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Pengrowth Energy enters 11th hour, unable to renegotiate high debt load

Don Horne   


Pengrowth Energy Corp. has launched a strategic review that could include the sale of the company after failing to renegotiate its high debt load amid plunging western Canadian oil prices late last year.

The Calgary-based company, which has reduced production at its key Lindbergh steam-driven heavy oil project in eastern Alberta to comply with the province’s oil curtailment program, told Canadian Press it has hired advisers to assist with the process.

Shares in Pengrowth plunged by as much as 29 per cent to 51 cents in early trading on the Toronto Stock Exchange before recovering to near their close Tuesday of 72 cents per share.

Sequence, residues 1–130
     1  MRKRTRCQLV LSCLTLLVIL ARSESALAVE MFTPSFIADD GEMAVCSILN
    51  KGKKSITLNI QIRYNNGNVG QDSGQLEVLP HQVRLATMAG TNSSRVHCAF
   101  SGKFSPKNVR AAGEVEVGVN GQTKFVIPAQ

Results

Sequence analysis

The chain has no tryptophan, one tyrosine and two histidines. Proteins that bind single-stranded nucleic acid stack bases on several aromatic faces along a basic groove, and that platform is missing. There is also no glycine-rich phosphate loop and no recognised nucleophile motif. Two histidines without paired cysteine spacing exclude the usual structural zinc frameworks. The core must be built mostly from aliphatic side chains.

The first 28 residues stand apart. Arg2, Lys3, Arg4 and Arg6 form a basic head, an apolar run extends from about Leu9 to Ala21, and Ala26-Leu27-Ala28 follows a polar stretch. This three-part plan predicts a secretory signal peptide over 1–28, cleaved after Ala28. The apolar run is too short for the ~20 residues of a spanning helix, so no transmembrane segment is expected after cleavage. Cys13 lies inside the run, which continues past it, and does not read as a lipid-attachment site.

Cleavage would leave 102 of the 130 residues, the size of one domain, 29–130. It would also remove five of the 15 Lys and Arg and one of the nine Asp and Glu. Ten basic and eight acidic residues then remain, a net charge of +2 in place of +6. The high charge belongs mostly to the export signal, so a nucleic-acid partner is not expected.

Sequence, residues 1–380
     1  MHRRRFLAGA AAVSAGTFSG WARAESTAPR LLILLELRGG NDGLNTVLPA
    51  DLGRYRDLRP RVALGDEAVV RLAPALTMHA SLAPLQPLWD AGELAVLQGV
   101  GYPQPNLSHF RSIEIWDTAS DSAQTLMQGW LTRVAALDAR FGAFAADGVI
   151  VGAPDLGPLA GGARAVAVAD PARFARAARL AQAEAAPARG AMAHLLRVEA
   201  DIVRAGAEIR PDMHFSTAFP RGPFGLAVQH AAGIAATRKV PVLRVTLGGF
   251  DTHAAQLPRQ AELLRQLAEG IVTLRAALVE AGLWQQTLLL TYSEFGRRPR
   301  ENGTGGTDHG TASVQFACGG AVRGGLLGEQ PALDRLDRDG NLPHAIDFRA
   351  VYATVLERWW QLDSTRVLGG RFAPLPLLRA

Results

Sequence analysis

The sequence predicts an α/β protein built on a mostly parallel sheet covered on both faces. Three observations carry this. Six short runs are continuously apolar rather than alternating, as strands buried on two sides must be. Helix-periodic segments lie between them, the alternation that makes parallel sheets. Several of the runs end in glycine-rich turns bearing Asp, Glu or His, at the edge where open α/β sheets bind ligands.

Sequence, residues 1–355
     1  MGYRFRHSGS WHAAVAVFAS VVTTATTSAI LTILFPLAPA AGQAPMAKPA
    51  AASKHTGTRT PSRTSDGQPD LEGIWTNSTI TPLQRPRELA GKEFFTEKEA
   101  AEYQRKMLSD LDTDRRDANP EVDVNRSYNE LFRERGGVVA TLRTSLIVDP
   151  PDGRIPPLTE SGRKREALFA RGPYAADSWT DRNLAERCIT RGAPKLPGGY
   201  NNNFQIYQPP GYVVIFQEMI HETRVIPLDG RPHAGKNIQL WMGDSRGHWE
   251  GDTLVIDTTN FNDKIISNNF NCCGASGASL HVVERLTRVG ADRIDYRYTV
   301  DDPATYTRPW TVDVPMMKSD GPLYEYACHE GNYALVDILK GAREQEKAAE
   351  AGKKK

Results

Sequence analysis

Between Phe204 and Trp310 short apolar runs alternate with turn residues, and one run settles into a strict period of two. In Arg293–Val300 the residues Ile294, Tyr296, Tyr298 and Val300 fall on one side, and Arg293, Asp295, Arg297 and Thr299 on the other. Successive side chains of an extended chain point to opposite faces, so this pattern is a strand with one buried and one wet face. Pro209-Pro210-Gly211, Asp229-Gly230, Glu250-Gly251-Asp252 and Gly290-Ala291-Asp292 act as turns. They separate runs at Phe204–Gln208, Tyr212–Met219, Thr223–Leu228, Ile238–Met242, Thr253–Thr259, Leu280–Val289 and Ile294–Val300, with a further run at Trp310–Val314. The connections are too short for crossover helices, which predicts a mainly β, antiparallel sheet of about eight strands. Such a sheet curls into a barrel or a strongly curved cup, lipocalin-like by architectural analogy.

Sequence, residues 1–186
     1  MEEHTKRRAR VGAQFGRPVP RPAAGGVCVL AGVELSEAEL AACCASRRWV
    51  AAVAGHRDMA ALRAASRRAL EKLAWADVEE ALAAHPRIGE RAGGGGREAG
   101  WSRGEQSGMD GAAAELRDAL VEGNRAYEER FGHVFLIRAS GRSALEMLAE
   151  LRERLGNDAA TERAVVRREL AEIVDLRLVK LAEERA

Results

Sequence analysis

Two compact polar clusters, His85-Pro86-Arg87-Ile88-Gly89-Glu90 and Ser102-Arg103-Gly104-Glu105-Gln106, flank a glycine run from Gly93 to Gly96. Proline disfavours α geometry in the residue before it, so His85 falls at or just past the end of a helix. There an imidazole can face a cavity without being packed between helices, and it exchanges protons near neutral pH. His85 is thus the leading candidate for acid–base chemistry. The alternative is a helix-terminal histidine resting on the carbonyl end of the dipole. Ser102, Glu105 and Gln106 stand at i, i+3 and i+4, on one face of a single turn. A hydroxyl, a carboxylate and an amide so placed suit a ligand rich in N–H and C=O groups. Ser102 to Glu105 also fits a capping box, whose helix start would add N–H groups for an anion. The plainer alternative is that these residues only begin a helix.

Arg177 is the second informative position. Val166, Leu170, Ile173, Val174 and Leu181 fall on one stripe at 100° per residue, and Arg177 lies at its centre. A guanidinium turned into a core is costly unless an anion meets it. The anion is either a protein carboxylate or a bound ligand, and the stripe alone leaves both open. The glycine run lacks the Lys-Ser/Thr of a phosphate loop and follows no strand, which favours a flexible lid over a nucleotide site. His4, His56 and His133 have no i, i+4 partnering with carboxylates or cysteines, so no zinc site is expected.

CEO Pete Sametz told Canadian Press financial markets were initially receptive to refinancing initiatives, but falling U.S. benchmark oil prices and wider discounts for Western Canadian Select crude oil made lenders “extremely cautious” in the fourth quarter.


He adds it’s hoped the recovery in oil prices so far this year will help with its refinancing and strategic initiatives.

Pengrowth reported a $503-million net loss in the last three months of 2018 mainly due to non-cash items including a $355-million deferred tax expense and a $91-million impairment on the value of its natural gas assets due to lower forward contract prices.

A year earlier, it reported a net loss of $210 million.

(Canadian Press)


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